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Diego Pavia
CEO
EIT InnoEnergy

31 August 2022

Where is Europe standing in energy innovation?

Innovation is inextricably linked with governmental regulations because they have the power to create new markets. For example, when the European Union (EU) agreed to end combustion engine sales by 2035, it created a business for non-combustion engine vehicles. 

 

 

Europe really is in the forefront when it comes to these policies; only Canada and Europe have transformed the 2050 zero-emission objectives into a law - which means that this market is an inescapable reality, and so is the innovation that will drive it.

 

When you choose to invest in an idea, what is your central consideration?

EIT InnoEnergy has a unique approach to investment and innovation. For each case we check six main KPIs. Of these, three are related to energy and three are related to the economy. Energy-wise, it has to decrease the cost of energy, decrease greenhouse gas emissions, and increase the security of supply. Economically, the innovation has to create jobs and growth while also increasing the competitiveness of the European economy. Overall, it is not only about innovation, but about creating industrial traction too - only then jobs are created and a real transformation is achieved.

Give us examples about innovations you have invested in and are real game changers?

The creation of Northvolt is definitely one, given that it is the first non-Asia-based battery manufacturer. Northvolt has completely transformed the sector in only five years, which motivated big corporations like Volkswagen to jump into the game. We now estimate that by 2035, they will only have EVs on the road.

The second one is CorPower. Here, we took inspiration from cardiology. The heart is a fantastically efficient organ, which can beat non-stop for a person’s entire lifetime. So, for unparalleled efficiency, the instruments used at CorPower mimic the way the heart works in harvesting the energy of the waves. Starting in 2011 with that idea, CorPower is now commercial, producing energy through waves every single minute - all 8000+ hours of the year.  

 

Given what you are saying, would I be right in assuming that your investments carry a high level of risk?

 

We love risk. Innovation requires risk. 

 

Think about the idea of mimicking the heart - maybe one out of 1000 ideas of the sort work. But if it works, it completely revolutionizes the market. Our biggest brand appeal lies in the fact that we ‘de-risk’ those risks. If we support the innovation, they will normally go the distance with growth. 

How do you mobilize the funding for these projects?

Funding is not a problem. Money is just a means - the real resource challenge is people. The scarce resources are the true pioneers who carry these innovations, and also when we scale up those innovations into industrial giants, the people to power them. Just in batteries, we are missing 800.000 people; in PV we are missing 400.000, in hydrogen - 7.000. We are short of people.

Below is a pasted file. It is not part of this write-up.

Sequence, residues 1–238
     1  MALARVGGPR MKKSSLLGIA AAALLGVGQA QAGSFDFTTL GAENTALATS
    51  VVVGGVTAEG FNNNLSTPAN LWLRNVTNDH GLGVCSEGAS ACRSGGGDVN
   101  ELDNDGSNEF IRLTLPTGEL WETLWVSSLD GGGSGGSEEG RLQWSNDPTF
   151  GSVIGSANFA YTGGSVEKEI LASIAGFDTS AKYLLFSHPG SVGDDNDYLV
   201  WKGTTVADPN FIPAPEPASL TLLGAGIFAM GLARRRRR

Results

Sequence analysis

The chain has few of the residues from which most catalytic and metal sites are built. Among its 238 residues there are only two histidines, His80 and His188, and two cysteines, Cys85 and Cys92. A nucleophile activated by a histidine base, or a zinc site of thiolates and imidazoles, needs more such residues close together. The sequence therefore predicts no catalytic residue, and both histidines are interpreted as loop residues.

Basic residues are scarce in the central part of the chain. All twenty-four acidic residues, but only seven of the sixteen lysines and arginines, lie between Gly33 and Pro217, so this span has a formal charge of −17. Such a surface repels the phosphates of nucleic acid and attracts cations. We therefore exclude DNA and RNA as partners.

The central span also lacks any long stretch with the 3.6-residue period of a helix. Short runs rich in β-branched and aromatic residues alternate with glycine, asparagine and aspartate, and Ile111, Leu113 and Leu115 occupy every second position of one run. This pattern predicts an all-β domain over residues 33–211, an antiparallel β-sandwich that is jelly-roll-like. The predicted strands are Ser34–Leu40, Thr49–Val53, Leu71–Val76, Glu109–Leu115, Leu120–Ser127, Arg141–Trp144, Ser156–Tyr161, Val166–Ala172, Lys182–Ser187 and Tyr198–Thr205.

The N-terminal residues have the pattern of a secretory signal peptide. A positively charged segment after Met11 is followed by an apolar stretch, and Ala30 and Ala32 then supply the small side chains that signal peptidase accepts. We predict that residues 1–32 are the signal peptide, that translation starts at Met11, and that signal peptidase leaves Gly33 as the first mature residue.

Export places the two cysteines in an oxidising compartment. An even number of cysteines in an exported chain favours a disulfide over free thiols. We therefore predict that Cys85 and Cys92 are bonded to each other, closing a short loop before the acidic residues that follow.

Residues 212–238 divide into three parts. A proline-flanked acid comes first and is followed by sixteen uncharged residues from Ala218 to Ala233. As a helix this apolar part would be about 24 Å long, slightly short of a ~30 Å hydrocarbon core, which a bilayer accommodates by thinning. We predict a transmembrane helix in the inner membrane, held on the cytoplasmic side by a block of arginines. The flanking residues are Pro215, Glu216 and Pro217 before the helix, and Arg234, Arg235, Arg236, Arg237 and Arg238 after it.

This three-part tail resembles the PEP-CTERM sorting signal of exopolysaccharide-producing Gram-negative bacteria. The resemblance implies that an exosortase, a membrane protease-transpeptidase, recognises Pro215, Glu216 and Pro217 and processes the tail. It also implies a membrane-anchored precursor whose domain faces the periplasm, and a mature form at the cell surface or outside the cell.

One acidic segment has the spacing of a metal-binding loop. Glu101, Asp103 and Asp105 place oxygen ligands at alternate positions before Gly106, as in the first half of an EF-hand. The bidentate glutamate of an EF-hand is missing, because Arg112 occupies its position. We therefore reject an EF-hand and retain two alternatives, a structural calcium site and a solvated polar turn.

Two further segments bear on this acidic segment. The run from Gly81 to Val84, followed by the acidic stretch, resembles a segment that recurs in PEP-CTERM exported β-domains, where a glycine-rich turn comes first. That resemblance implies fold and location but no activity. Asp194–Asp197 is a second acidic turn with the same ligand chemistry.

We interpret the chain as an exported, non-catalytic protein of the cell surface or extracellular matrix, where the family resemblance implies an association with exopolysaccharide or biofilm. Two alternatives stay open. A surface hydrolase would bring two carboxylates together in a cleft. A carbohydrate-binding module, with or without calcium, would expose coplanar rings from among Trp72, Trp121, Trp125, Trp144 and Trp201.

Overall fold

What do we do then?

We have to train them. Today 20% of our investments go to education and training. Skill is the scarce resource we will be facing, so we are trying to respond early.

What is the role of these new technologies in relation to the targets for 2050?

2050 is too far ahead - I think we can make huge improvements by 2025. Let us talk about PV for example. PV is a technology where nothing moves. In any other technology something moves, be it blades or turbines or combustion engines. This means that the life expectancy of PV is tremendous. Also, the energy the sun provides is limitless, the cost of generation of PV will become extremely marginal extremely soon, and everybody has access to the sun, which means that no country can claim it only for themselves. All of this adds up to almost free energy in terms of input source as soon as 2030, which will bring unthinkable advancements - limitless water thanks to limitless desalinization is an example. So, we are entering an era when energy will be almost free, and PV will be a big part of it. 

And what about Hydrogen?

Hydrogen is the only known industrial innovation that can decarbonize steel, cement, fertilizers, and aluminium. Today, those 4 industrial processes contribute to almost 25% of CO2 emissions. The debate is often around the cost of producing hydrogen sustainably through electrolytes, which is 4 USD / KG. Traditional production of hydrogen through hydrocarbons costs 1.5 USD / KG. At first sight - green hydrogen is not economical. This is actually false. In the end product of a car produced with green steel, the price difference is only 1%; the customer will certainly be willing to pay this difference. In tomatoes, using green fertilizers will render the end product only 0.1% more expensive - also a difference the customer will be willing to pay. So, hydrogen is not ten years away, it happened yesterday.

What are your priorities for the coming years?

We want delivery of our promises for 2025. On batteries, we want an additional GDP in Europe of 250 Billion Euros per year. On PV, a 40 billion GDP increase and half a million new jobs. On hydrogen, 100 billion new GDP, and 100.000 new jobs. These are our key objectives in terms of impact to the energy transition. Internally, we want to raise 700 million more to double our impact, because our impact is what drives us.

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